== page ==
A Democratic majority in the lower chamber for the first time in eight years will restrict his ability to steer his programme through Congress.
But Mr Trump's Republicans are set to strengthen their grip on the Senate.
Tuesday's vote was seen as a referendum on a polarising president, even though he is not up for re-election till 2020.
The election confirms a historical trend for the party that is not in the White House to make gains in the mid-terms.
House Democratic leader Nancy Pelosi - who is set to become speaker, a position she held from 2007 to 2011 - told cheering supporters in Washington: "Thanks to you, tomorrow will be a new day in America."
President Trump focused on the Senate, and praised himself by quoting a commentator.
What difference does the new House majority make?
The Democrats took control of the House, having gained more than the 23 seats they need to take over the lower chamber of Congress. Americans voted for all 435 seats in the House.
The Democrats could now launch investigations into Mr Trump's administration and business affairs, from tax returns to potential conflicts of interest.
They could also more effectively block his legislative plans, notably his signature promise to build a wall along the border with Mexico.
Female candidates performed particularly well in an election cycle that had been billed as the Year of the Woman.
Two 29-year-old Democrats, Alexandria Ocasio-Cortez and Abby Finkenauer - are due to be the youngest women ever to win House seats.
Ilhan OImar and Rashida Tlaib are the first Muslim women and Sharice Davids and Debra Haaland the first Native American women to be elected to Congress. All are Democrats.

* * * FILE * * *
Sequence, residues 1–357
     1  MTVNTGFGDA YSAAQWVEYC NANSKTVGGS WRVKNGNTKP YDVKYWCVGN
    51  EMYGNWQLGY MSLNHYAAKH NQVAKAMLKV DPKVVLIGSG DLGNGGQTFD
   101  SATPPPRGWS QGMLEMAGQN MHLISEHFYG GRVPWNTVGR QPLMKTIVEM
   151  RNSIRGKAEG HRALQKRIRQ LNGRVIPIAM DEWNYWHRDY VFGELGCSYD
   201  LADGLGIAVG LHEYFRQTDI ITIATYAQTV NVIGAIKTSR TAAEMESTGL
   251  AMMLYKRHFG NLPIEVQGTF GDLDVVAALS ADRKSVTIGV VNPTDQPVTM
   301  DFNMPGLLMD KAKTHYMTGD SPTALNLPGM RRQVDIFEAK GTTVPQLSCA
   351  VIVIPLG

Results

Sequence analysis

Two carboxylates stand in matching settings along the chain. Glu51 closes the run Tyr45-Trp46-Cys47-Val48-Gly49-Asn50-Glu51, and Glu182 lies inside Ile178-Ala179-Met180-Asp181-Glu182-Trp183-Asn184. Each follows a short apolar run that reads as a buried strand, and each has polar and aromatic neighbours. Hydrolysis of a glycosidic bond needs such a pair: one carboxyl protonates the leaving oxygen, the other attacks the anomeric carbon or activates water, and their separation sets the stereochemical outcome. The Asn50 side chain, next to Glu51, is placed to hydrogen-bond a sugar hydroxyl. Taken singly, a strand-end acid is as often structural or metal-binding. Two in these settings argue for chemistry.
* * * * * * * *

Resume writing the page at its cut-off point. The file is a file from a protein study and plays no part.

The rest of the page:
What's happening in the Senate?
Republicans are on course to increase their representation in the 100-seat Senate from 51 to 54. This ensures Mr Trump will still have a majority to confirm his executive and judicial appointments.
Democrats were always facing an uphill battle in the Senate this year because they were defending 26 races, while just nine Republican seats were up for grabs.
Key gains for the Republicans came in Indiana, Missouri and North Dakota, where they unseated Democrat incumbents.
New battle lines
By Anthony Zurcher, BBC News, Washington
With control of the House, the Democrats will be able to block Donald Trump's legislative agenda and will have much more oversight.
They will have key committees that will be able to look into allegations of collusion between Russia and Mr Trump's presidential campaign. They might delve in Mr Trump's personal finance.
In addition, there have been allegations of corruption made against senior administration officials. The Democrats will be able to dig deep into that.
The Republican maintaining control of the Senate is very important because if they stick together, they can confirm any of Mr Trump's appointments to his administration or to the judiciary.
The president has already appointed 84 conservative judges to the federal judiciary. Expect that trend to continue.
What's happening in governors' races?
Governors - who head the executive branch in state governments - have been chosen in 36 out of 50 states.
In Florida, left-wing progressive Andrew Gillum has conceded after an ugly battle against a Trumpist conservative, Ron DeSantis.
But Democrat Stacey Abrams - who ran to become the first black female governor in the US - refused to concede as her Republican opponent Brian Kemp took a commanding lead after a bitter campaign in Georgia.
Democrat Jared Polis is projected to win the Colorado gubernatorial race, becoming the first openly gay man to be a US governor.
Democrats also captured governorships in Michigan, Illinois and Kansas. In Kansas, Republican Trump ally Kris Kobach was defeated by a Democratic state senator Laura Kelly.
New York Democratic Governor Andrew Cuomo - sometimes spoken of as a 2020 presidential contender - cruised to a third term.